_{1}, α_{2} and α_{3} are chosen by setting the angles θ and φ equal to each other.8. A method as in claim 6, wherein in said selecting step the values of α
_{1}, α_{2} and α_{3} are chosen by establishing the proportionality of respective sides of the triangle and deformed triangle.9. A method as in claim 5, for designing an optical system wherein the flexure connects the mirror and mirror mount in spaced parallel relationship in perpendicular alignment relative to the common optical axis, and the selection step further comprises selecting the values of α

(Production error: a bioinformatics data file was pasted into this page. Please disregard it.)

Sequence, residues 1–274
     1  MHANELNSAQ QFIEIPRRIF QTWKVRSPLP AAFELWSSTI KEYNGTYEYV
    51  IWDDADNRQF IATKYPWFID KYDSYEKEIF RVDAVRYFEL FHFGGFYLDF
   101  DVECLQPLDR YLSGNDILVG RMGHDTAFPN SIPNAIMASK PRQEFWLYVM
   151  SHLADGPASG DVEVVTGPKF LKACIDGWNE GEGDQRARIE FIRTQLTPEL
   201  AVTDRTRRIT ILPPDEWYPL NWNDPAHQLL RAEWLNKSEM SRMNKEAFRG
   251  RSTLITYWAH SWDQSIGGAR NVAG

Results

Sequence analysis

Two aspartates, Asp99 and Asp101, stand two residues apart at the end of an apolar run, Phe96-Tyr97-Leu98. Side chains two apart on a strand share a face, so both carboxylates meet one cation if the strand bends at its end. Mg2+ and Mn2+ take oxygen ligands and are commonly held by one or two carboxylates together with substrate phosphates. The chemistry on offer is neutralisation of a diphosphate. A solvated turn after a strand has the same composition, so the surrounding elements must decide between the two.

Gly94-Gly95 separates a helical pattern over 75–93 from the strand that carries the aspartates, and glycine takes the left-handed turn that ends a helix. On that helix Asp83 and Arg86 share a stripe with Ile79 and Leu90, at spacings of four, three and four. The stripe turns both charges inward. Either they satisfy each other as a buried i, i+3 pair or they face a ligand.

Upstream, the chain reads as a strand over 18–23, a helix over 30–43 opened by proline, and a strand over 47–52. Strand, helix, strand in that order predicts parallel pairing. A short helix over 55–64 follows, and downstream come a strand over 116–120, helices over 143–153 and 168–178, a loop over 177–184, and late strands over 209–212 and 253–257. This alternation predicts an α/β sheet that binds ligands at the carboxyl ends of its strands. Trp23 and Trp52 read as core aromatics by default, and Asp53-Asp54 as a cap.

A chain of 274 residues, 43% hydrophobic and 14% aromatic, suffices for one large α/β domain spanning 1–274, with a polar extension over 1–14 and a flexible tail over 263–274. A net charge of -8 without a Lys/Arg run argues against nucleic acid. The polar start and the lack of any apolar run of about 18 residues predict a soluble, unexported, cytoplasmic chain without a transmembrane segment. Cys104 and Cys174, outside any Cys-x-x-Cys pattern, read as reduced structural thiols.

_{1}, α_{2}, and α_{3} so that the length l_{2} is defined relative to the length l_{1} by a relationship l_{2} =l_{1} (α_{3} -α_{1})/(α_{3} -α_{2}).10. A method for designing an optical system having a mirror, a mirror mount and a flexure connecting the mirror and the mirror mount in spaced, parallel relationship, in perpendicular alignment relative to a common optical axis, so that the parallelism and perpendicular alignment of the mirror and mirror mount are maintained over a change in temperature state of the system from a first temperature t